To elaborate on the idea that Math is like art, others have pointed out that despite mathematicians best efforts to avoid practical applications, it often ends up being useful anyways:
 dnautics on Jan 12, 2021 I don't think it's accurate to say mathematics is always art. Two theoretical fields in particular: fourier analysis, which came from wanting to solve heat flow equations, and probability, which came from wanting to win at games of chance, come to mind as applied math migrating to theoretical
 offtop5 on Jan 12, 2021 So I'm guessing there's a handful of professorship positions, of pure mathematics and getting the published papers.And everyone else kind of just gets normal jobs in the private sector. I think a lot of quants come from PhD mathematics
 _hl_ on Jan 12, 2021 There's a handful of extremely accomplished professors, but beyond that contributions come from all over the place. Anyone with a bright idea can contribute. As for getting paid to do it, well, you are probably right, but for many people it is probably also just a bit of a hobby.
 catears on Jan 12, 2021 I can't remember which TV-series I saw it in, some kind of murder or "who dun' it?" show. But I remember that they had a pretty genuine and true role for a mathematician in that episode.The mathematician was tasked with calculating the areas of manhattan that would be hit during stormy weather and give a rough estimation of the required drainage for the water to seep away.That's the rough details, can't remember exactly. However, it always struck me as a job where the "mathematician as a job" fit really well.
 Not sure I agree. That task was "quantity surveying, estimating, and arithmetic" not mathematics.A mathematician would have proved for all cities and terrain topologies there's a critical viscosity of liquid above which it is impossible to effectively drain them, along with an estimate of the lower bound of that viscosity.
 stuckindider on Jan 12, 2021 NSA is one of the largest employers of mathematicians. They look for flaws in crypto implementations.
 Was looking forward to using it but, it says my IP is blacklisted. :(
 It was the spam filter at work. I have tuned it just now. Would you please try once more and see if you can use it now?By the way, this spam filter is one of the things I want to fix when I resume work on this project again. Currently, it blacklists IP addresses whereas ideally it should be blocking certain type of content only.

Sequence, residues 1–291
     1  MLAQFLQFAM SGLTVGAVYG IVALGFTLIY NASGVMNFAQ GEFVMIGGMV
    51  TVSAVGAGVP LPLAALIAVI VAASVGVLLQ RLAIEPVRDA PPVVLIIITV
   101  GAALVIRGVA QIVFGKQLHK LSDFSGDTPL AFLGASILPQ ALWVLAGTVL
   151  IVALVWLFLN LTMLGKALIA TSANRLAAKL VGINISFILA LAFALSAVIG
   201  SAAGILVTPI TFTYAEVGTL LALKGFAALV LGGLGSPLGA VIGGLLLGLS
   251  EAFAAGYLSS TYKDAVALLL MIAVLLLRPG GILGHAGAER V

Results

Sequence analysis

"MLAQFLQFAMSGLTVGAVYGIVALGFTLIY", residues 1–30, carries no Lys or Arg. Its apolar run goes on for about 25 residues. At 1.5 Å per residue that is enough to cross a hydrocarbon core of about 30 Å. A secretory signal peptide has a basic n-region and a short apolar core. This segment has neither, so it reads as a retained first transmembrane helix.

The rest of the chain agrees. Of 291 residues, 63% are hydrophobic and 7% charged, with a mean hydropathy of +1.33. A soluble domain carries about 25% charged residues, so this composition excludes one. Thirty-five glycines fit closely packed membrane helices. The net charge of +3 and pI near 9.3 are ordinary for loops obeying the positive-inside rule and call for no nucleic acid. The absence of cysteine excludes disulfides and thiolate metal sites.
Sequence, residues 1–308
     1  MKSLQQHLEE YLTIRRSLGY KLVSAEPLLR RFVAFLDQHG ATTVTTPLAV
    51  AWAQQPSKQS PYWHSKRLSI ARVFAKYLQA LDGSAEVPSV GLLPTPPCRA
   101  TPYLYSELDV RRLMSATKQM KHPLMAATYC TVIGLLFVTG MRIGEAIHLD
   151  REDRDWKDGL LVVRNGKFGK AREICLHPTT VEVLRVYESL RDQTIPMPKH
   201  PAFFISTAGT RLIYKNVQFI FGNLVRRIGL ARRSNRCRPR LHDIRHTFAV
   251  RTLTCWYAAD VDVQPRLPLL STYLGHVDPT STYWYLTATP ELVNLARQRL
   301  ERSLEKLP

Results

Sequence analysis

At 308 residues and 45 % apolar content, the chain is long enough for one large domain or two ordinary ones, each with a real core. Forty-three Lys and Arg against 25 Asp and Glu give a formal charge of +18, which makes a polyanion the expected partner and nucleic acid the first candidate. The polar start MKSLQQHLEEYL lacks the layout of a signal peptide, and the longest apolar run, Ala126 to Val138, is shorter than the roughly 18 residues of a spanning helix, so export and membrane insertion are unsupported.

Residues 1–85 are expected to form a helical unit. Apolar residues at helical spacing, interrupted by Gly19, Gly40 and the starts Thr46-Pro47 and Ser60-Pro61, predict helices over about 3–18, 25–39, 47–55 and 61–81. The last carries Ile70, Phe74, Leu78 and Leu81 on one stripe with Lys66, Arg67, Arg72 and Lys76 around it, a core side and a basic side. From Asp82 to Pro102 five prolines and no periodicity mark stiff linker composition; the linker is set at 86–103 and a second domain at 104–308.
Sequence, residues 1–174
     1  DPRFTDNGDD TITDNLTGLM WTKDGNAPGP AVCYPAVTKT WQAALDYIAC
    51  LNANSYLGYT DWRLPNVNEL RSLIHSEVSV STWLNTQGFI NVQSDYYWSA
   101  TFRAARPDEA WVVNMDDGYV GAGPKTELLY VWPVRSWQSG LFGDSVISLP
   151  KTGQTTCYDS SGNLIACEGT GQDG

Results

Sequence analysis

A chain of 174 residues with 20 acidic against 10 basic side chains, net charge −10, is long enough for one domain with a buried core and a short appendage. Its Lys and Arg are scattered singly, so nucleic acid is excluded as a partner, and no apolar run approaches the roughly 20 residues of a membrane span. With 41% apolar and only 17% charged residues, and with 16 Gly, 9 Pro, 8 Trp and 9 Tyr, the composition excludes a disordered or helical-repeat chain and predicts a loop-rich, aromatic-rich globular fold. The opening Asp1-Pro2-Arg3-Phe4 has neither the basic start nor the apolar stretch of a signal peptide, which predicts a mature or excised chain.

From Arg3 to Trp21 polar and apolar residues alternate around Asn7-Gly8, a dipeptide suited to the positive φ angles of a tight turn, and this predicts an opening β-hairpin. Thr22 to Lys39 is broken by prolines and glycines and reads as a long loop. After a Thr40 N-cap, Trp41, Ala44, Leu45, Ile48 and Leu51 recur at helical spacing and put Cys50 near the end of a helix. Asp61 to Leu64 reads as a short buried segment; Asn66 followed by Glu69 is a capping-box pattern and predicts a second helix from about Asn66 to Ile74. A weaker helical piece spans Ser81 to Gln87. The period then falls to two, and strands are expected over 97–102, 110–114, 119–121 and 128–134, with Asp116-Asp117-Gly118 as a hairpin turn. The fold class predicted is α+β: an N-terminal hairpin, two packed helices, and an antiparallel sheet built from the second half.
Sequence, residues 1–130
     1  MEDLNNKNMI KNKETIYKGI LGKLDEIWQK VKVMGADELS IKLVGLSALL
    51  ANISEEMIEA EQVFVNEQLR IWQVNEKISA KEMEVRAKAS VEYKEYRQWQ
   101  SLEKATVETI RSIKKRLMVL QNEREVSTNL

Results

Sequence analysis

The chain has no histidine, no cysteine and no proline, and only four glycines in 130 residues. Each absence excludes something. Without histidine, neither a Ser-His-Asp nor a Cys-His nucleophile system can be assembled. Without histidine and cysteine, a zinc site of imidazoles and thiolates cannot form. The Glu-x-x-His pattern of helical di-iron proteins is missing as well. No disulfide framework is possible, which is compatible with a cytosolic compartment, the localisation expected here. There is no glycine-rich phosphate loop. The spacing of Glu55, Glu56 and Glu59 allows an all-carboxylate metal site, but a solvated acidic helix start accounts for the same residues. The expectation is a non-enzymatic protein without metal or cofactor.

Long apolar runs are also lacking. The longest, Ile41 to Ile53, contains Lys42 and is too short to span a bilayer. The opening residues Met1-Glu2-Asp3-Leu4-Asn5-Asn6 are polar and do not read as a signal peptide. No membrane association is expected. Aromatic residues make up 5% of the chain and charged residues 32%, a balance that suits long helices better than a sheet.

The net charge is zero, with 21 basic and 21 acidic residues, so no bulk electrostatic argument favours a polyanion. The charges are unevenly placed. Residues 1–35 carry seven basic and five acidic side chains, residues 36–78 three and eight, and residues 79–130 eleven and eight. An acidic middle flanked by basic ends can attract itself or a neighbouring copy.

The first donation to my open source project (1) came from someone who went through the trouble of emailing me to ask how they could donate.Since then, I've embraced receiving donations and last year I ended up receiving more than 10.000 euro. (2)I (re)donate everything to charity, for reasons (3), but even then it's a great motivator. If it wasn't for the money I would have burned out long ago. It really means a lot when people show their support in such a tangible way.I recommend everyone to both accept donations, and donate to others.
 I just read your reasons (3), and I think you are pretty awesome. Thanks for doing this!
 Hey thanks, that's really kind of you!
 Nice work! Just out of curiosity: Which of the price tiers (1) is chosen most regularly?
 The lowest one is most popular (2 euro per month), but the middle one (4 euro) is almost as popular. The top tier (8 euro) is picked the least, but still has more than half the subscribers of the lowest one.
 I've been trying to encourage more "Charityware" for software [0]. My software is free and open source (MIT license) [1] but I also sell it for $5 and donate$3.50 of every sale to a cost-effective charity. My goal is to increase donations to the charity, and asking people for donations wouldn't be as effective. My software now has generated almost over $9,000 in donations.Personally, every purchase of my software feels rewarding. It's probably not as great as a regular donation, but it's a close second. Furthermore, since my software is pay-what-you-want (with a minimum of$5) people have been often giving more than the minimum. That really feels like a donation.